WXTU

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WXTU
WXTU.JPG
City of license Philadelphia, Pennsylvania
Broadcast area Delaware Valley
Branding 92-5 XTU
Slogan "Philadelphia's Country Station"
Frequency 92.5 MHz (also on HD Radio)
92.5 HD-2 for Future Country
First air date 1948 (as KYW-FM)
Format Country
ERP 11,000 watts
HAAT 279 meters
Class B
Facility ID 74213
Transmitter coordinates 40°02′21.00″N 75°14′13.00″W / 40.0391667°N 75.2369444°W / 40.0391667; -75.2369444
Former callsigns KYW-FM (1948-1955)
off the air (1955-1958)
WIFI (1958-1983)
Affiliations American Federation of Television and Radio Artists
Owner Beasley Broadcast Group
Sister stations WRDW, WWDB, WTMR
Webcast Listen Live
Website wxtu.com

WXTU (92.5 FM, "92-5 XTU") is a Country music formatted radio station which is broadcast in the Philadelphia area. It is the largest country radio station in the United States based on listener cume (WUSN in Chicago is the second largest).[citation needed] The station plays a variety of country music, including current hits, as well as older hits. WXTU is owned by Beasley Broadcast Group, and is Philadelphia's only country radio station. Its transmitter is located in the Roxborough section of the city. WXTU also broadcasts commercial free country music on one of its HD Radio channels, which is separate from the main programming. The WXTU studios and offices are located in the "555 Building" in Bala Cynwyd, Pennsylvania.

Since the advent of the Portable People Meter by Arbitron in Philadelphia, WXTU has become the most listened to country station in the United States (based on listener cume). This distinction was formerly held by WUSN in Chicago, owned by CBS Radio. Although, since PPM service is not yet available in Chicago, this is in dispute.[citation needed]

History[edit]

WIFI/Hit Parade '70[edit]

The first Philadelphia station on 92.5 was Westinghouse's KYW-FM. Westinghouse ultimately decided not to continue operating this station and relinquished its license. The original call sign of the current 92.5 was WIFI. Although it was always licensed as a Philadelphia station, WIFI in its early years was essentially a local station serving Norristown, Pennsylvania and neighboring communities in Montgomery County, broadcasting MOR music and talk along with some specialty music shows and local high school sports. WIFI at the end of the 1960s brought some of the first "progressive" or "underground" rock programming to the airwaves with Johnny Devereaux and other hosts. By 1970, WIFI had been acquired by General Cinema Corporation and had dropped locally originated programming in favor of the syndicated automated format "Hit Parade '70".

I-92/Studio 92[edit]

After two or three years of Hit Parade, its companion oldies format "Solid Gold Rock and Roll" and other automated programming, WIFI instituted a high-energy Top 40 format. For a couple of years, WIFI was the only true Top 40 station in Philadelphia following WFIL's evolution into an Adult Contemporary format in the late 1970s. After WCAU-FM debuted its Hot Hits format in October 1981, WIFI's ratings fell as WCAU-FM quickly grabbed most of the teen audience. A move to a new-wave rock format, branded as "I-92" and "Rock of the Eighties" (1982), attracted more press attention than listenership. A flip to an Urban Contemporary format as "Studio 92", with a call sign change to WXTU (reminiscent of New York City's WKTU), followed. That format failed to find an audience and was gone in a matter of months.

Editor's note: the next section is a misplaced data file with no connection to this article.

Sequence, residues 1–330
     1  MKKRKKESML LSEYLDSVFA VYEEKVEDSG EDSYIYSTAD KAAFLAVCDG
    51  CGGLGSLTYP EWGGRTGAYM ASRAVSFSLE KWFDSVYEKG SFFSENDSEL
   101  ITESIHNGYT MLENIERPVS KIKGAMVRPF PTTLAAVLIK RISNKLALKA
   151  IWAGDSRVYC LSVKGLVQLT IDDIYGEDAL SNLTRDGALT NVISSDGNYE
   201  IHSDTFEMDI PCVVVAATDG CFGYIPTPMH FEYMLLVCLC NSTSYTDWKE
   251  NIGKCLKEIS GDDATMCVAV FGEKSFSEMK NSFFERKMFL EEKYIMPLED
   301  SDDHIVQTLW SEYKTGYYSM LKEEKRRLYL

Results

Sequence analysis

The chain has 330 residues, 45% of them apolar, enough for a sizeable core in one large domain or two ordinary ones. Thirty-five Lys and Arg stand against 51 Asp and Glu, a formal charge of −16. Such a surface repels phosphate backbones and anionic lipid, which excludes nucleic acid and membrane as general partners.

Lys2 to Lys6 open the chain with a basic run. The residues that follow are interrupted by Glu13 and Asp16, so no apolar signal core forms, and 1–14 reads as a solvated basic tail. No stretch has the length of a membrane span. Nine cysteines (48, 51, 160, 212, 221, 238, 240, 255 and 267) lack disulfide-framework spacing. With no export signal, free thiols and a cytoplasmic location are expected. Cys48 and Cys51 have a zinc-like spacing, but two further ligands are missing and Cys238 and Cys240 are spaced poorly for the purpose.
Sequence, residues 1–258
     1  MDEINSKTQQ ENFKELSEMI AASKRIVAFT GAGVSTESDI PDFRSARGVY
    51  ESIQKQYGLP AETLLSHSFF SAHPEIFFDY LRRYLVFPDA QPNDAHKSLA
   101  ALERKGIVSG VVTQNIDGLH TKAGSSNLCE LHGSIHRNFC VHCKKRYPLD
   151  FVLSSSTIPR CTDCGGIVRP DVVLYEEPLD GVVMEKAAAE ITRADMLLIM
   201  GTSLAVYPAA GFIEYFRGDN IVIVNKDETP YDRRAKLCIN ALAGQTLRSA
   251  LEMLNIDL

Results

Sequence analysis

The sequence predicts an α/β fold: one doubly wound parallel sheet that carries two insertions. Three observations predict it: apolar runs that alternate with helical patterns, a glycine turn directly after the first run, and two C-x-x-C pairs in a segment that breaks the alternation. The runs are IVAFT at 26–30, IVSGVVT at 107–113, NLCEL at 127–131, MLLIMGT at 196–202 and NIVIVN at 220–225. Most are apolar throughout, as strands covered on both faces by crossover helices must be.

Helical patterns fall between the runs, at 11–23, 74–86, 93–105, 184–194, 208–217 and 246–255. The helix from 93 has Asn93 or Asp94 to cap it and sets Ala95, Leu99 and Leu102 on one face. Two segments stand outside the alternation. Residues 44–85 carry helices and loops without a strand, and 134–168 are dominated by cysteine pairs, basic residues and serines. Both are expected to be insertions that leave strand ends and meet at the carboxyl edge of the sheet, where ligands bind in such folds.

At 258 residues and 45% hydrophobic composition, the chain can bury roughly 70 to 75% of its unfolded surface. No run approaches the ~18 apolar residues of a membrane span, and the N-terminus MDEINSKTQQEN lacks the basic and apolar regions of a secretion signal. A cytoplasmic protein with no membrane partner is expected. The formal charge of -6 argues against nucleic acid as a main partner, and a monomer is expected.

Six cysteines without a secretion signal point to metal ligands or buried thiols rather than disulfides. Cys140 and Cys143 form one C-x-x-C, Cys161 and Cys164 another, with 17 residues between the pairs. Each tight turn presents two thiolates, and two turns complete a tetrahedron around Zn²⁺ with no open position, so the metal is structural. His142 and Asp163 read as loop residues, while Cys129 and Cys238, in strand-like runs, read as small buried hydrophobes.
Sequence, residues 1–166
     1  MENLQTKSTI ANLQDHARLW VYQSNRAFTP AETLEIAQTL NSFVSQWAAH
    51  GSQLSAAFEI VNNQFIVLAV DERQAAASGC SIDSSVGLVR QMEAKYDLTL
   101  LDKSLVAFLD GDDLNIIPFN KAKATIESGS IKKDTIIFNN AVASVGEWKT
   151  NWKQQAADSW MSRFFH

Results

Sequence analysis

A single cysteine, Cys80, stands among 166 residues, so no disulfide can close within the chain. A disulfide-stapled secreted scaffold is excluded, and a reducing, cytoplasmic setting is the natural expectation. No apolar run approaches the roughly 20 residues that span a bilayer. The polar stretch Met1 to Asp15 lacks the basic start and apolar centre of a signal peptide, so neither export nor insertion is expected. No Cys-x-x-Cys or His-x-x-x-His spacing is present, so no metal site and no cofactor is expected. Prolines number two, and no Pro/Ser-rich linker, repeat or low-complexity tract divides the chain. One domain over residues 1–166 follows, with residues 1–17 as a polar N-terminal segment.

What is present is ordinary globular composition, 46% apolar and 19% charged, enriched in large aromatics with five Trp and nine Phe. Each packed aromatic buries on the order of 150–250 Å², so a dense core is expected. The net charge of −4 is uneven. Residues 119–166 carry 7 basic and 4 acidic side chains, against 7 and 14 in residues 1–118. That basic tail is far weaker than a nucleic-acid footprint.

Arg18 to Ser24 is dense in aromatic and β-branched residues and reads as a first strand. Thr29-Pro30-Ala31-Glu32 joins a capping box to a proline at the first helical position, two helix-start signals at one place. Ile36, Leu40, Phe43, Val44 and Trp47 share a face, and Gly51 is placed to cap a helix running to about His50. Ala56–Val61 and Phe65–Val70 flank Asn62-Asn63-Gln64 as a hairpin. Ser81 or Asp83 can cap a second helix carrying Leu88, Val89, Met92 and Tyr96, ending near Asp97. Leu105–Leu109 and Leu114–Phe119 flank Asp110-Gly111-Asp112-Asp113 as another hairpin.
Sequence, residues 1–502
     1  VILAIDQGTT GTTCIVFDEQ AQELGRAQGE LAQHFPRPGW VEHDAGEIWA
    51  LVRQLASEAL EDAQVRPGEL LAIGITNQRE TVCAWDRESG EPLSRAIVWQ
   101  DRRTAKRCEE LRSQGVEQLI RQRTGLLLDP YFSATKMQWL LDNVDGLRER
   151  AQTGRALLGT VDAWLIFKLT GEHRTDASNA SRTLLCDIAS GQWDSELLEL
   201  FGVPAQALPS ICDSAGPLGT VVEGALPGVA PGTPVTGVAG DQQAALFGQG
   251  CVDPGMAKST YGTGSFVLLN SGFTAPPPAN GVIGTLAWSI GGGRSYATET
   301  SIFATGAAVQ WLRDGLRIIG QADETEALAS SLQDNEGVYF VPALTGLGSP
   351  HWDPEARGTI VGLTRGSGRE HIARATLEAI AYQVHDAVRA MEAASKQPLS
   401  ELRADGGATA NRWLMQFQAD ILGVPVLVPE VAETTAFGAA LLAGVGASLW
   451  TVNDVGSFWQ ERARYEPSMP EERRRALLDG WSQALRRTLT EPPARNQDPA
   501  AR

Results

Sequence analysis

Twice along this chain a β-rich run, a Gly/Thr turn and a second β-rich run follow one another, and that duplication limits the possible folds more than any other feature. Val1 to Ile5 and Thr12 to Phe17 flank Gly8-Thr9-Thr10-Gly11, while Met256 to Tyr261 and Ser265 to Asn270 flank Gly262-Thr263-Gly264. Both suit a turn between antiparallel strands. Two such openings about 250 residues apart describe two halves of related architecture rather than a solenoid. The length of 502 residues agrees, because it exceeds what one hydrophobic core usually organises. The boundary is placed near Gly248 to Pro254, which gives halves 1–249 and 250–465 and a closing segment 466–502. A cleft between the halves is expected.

92.5 WXTU[edit]

On March 1, 1984, at 1pm, the station switched to their current country format. The very first country song on WXTU was "Are You Ready For The Country" by Waylon Jennings.

In 2007, the station was nominated for the top 25 markets Country music Radio & Records magazine station of the year award . Other nominees included WUSN Chicago, KYGO-FM Denver, WYCD Detroit, KEEY-FM Minneapolis, and KSON-FM San Diego.[1]

Airstaff[edit]

The current lineup (as of October 7, 2013) is as follows

  • Morning Show (5:30 a.m - 10 a.m): Doc & Andie - Ken "Doc" Medek, Andie Summers and Kevin Crockett
  • Mid-Days (10 a.m - 1 p.m): Brian McKay
  • Early Afternoons (1 p.m - 3 p.m): - Shelly Easton
  • Afternoon Drive (3 p.m - 7 p.m): Razz On The Radio - Mark Razz
  • Nighttime (7 p.m - 12 a.m): Jennifer Reed
  • Overnights (12 a.m - 5 a.m): After Mid-Nite with Blair Garner
  • Weekend's/Fill-ins: Christy Springfield
  • Program Director: Shelly Easton
  • Assistant Program Director/Music Director: Mark Razz
  • Station Voice: John Willyard

References[edit]

  1. ^ "2007 Industry Achievement Awards". Radio and Records. Sep 28, 2008. 

Awards and nominations[edit]

CMA Awards

  • 2002 Radio Station (Major Market) (Nominated)
  • 2005 Radio Station (Major Market) (Nominated)
  • 2006 Radio Station (Major Market) (Nominated)
  • 2007 Radio Station (Major Market) (Nominated)
  • 2008 Radio Station (Major Market) (Nominated)
  • 2013 Radio Station (Major Market) (Nominated)
  • 2013 Broadcast Personality of the Year "Doc and Andie Show" (Major Market) (Won)

ACM Awards

  • 2007 Radio Station (Major Market) (Nominated)
  • 2008 Radio Station (Major Market) (Nominated)

Industry Achievement Awards

  • 2007 Radio Station (Major Market) (Nominated)
  • 2007 Personality (Bob Marly) (Nominated)

External links[edit]